Absolutely. Mike does more of the lyric writing (Reed adds some, too), but in terms of the music, we all contribute a great deal. And you will always see on a Corrosion of Conformity album from now on, 'All songs written by Corrosion of Conformity.' The way I feel, a band is a band and a solo project is a solo project. If you're gonna sit down in a sweaty basement and work out arrangements and all that other bullshit (it's a unified effort)... plus it helps the band last longer, everybody feels like they're contributing and they're gonna get something in the end.

--How does it feel to still be playing with these guys and playing your style of music so far down the line?

For me, certainly it's a dream come true that I can continue to play, do something that I love and get paid for it off and on. I don't know how to do anything, I can barely get up in the morning! The idea that I'm able to cruise the world with two of my best friends ever and get a little cash in there for it, it's certainly a blessing. (Talks about going to the gym, and preparing for gigs: 'Being the ancient creature as I am, stretching and all that stuff is super good.')

--Not many people can play with such a ferocity over that course of still have that passion and energy for it?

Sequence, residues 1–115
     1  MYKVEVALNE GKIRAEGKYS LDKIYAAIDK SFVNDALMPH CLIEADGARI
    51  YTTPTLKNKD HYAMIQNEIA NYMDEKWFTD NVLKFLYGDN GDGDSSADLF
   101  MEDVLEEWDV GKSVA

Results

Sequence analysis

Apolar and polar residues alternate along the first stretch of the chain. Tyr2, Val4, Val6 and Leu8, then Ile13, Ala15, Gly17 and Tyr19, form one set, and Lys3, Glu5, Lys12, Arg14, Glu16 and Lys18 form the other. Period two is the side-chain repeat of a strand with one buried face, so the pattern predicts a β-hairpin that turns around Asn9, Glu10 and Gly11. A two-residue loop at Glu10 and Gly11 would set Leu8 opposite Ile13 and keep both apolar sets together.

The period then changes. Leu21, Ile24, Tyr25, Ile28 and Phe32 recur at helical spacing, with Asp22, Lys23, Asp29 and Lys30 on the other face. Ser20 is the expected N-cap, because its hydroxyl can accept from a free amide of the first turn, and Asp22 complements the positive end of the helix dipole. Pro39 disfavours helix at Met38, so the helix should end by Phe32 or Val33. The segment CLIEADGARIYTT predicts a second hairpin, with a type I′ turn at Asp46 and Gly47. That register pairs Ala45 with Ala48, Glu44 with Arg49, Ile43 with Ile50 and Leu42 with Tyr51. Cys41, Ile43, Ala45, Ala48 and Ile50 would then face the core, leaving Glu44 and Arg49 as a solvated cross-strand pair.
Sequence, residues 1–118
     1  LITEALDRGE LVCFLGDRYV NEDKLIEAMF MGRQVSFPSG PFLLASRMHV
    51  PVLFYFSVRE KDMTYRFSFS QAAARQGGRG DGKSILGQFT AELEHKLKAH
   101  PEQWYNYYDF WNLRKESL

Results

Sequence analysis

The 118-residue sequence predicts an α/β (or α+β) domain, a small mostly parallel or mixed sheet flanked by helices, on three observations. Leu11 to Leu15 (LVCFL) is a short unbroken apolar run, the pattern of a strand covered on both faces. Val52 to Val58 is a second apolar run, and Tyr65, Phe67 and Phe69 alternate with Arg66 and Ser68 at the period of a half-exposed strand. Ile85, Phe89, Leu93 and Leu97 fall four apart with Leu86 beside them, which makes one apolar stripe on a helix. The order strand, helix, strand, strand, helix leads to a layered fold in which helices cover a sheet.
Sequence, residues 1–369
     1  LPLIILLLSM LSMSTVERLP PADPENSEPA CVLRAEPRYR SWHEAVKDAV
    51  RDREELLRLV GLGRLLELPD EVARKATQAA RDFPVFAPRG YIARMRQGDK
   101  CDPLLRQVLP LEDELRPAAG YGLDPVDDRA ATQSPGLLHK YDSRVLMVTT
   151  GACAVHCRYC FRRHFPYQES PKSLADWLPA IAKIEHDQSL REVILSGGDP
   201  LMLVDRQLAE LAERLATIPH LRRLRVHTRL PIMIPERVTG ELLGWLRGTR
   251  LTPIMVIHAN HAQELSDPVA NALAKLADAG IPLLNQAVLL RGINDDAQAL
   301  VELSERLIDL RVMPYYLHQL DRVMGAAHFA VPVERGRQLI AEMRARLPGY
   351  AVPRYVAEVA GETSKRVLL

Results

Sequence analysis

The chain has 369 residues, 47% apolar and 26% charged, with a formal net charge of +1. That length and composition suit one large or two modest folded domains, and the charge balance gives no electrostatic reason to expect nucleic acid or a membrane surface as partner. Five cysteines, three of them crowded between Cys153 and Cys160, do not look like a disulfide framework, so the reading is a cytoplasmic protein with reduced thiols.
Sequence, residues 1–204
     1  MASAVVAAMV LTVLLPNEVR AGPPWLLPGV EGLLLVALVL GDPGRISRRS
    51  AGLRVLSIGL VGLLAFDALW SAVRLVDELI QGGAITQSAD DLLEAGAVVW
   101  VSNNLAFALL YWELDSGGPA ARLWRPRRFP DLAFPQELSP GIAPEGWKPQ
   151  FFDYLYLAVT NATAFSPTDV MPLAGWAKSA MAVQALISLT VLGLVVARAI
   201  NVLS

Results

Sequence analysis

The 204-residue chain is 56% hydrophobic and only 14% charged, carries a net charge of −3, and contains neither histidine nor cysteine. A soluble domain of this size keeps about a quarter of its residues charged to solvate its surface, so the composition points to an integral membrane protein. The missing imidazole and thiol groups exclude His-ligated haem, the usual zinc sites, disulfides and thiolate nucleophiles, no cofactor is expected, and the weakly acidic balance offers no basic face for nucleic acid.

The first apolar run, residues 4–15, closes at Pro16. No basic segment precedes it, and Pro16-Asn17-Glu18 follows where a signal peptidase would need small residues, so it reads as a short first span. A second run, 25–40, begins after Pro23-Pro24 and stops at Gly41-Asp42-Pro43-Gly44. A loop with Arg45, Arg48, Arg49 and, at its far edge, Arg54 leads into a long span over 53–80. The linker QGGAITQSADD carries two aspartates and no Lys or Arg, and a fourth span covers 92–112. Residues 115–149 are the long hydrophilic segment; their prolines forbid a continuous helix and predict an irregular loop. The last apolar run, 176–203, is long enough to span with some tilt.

Absolutely, it hasn't gone away. In fact, I think it's increased. When I was a kid, it was like, 'Earplugs are for pussies,' we would just go for it all the time.

--As far as this band going strong with new music out, do you guys have any goals where you're gonna go from here?

I think this is COC and it will be together until we start to crumble-- I can't imagine us stopping now, I think we're just getting geared up... and do another 30 years, COC 90-something (laughs).

--I could push you around in the wheelchairs if need be.

Yeah, right!
We're enjoying ourselves. I think we appreciate it a lot more. From getting in the van, like Rollins would say, and touring the country and Canada, and then accomplishing a little bit of success with 'Blind,' 'Deliverance' and 'Wiseblood,' and then losing all that and sort of breaking up a little bit, I think we really appreciate it, any ounce of pleasure and the ability to provide sustenance for our bellies-- our growing bellies.

--Just seeing you guys doing this, and watching you guys all these years, you guys make me happy.